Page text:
Saturday, March 07, 2009

Clinic Notes: Boy Locked Away by Parents for Seven Years

In a recent Schafer report (March 6, 2009) there was a report of a young boy who had been locked in a dark barren room for seven years. He never played with other children, been to the doctor, gone to school, and was beaten by his father. Inquiring neighbors were told by the parents, that the boy was autistic and receiving treatment at home. The parents are going to jail and the young boy will receive therapy and probably be placed in an orphanage or possibly a foster home. Unfortunately, incidents like this happen periodically and I documented several in a case history titled "Wild Child" (Available at Not only are cases like this barbaric, they tend to occur when the child is young and critical periods for the formation of language and other skills are programmed to occur. If this is prevented by the limited environment, then the child does not develop these skills because by the time they are rescued the critical periods are past. In this particular case I see hope. The police said that when they found the boy and took the father into custody, the boy said, "He won't hit me this evening." So it seems that he has some language development.

Thursday, March 05, 2009

Clinic Notes: Survey on Physicians Feeling Ill-Equipped to Treat Autism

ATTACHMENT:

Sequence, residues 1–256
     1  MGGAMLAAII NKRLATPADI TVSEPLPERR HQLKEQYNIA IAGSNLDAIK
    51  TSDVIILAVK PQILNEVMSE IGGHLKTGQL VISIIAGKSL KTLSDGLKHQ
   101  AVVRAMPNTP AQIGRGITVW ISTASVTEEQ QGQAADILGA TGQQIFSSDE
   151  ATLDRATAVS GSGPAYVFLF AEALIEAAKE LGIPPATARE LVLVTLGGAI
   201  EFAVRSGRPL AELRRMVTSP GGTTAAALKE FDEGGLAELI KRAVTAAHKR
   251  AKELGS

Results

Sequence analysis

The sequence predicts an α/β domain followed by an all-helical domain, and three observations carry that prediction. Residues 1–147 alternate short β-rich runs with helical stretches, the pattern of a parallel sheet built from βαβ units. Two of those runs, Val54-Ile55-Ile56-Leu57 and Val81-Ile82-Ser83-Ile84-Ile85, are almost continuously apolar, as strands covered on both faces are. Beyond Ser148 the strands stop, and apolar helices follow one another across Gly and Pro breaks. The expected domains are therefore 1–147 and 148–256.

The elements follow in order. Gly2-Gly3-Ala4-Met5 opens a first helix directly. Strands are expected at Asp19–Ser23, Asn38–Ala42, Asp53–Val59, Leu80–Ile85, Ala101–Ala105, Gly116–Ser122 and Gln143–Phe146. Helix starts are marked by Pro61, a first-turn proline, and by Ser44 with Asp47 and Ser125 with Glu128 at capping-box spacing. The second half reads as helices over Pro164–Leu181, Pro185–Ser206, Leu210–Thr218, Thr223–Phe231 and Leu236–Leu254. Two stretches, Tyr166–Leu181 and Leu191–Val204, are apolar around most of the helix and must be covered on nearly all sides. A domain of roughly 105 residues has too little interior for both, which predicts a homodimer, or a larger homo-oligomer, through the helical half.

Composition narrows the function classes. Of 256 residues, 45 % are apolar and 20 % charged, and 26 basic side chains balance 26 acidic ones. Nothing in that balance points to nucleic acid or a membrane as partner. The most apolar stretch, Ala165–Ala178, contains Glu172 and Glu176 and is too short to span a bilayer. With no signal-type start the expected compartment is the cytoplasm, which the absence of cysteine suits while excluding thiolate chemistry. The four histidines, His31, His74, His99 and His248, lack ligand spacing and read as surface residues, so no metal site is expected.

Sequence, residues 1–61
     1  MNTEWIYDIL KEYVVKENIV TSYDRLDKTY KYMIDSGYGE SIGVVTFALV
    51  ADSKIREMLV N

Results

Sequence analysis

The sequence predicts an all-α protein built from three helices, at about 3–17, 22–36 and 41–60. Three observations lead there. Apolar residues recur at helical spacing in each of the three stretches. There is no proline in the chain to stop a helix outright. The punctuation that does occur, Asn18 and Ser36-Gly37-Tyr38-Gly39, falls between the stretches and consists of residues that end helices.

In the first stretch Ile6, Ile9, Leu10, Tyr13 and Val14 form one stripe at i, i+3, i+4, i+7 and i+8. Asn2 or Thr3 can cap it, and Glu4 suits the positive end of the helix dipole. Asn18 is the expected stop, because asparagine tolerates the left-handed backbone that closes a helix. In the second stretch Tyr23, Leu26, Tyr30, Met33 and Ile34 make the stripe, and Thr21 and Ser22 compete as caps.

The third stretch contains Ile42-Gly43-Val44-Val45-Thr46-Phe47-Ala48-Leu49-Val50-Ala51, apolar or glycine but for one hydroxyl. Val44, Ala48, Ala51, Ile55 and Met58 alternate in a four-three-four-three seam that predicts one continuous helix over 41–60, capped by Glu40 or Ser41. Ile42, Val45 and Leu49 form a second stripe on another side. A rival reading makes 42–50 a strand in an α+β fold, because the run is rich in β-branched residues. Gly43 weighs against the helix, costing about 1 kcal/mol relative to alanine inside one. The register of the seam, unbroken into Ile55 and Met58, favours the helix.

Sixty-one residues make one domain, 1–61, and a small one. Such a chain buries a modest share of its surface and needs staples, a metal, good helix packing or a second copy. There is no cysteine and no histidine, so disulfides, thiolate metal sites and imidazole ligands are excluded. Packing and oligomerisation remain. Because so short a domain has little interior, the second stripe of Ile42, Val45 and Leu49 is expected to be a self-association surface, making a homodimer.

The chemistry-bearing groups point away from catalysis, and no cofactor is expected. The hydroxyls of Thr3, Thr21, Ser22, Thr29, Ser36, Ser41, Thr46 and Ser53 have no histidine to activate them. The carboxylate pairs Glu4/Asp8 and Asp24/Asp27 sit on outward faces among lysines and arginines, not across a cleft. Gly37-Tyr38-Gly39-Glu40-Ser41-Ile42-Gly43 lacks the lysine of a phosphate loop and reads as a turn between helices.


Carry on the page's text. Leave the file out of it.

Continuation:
In a recent survey, (see Schafer Autism Report, March 4, 2009) over 2000 physicians were surveyed about their views on treating autism in their practice. Of note, only 19% responded and those that did respond felt unprepared to treat autism. Primary care physicians, especially pediatricians, are being encouraged to screen young children for autism. And I think they are responding. I am getting more physician initiated requests to do autism evals. Of course, some physicians, such as pediatric neurologists, are involved in treating autism, prescribing medications that are helpful and doing evals. But I'm not sure what the role of primary care physicians should be in treating autism. I'm always looking for a pediatric neurologists to refer children to for medication. But often there is a long waiting period. I guess, with additional training, perhaps primary care physicians could help out there. Also some children with autism have digestive problems and that could possibly be another useful role for primary care physicians. Now pediatric gastroenterologists handle most of these cases and again there is a long wait for appointments usually. Many parents of children with autism are wary of traditional medicine, often blaming vaccines for causing their child's autism. Furthermore, many parents have turned to alternative medicine in treating autism. Other concerns reported by physicians in the survey were reimbursement problems and a lack of training. I think the real question that should be asked is do primary care physicians want to be involved in the treatment of autism.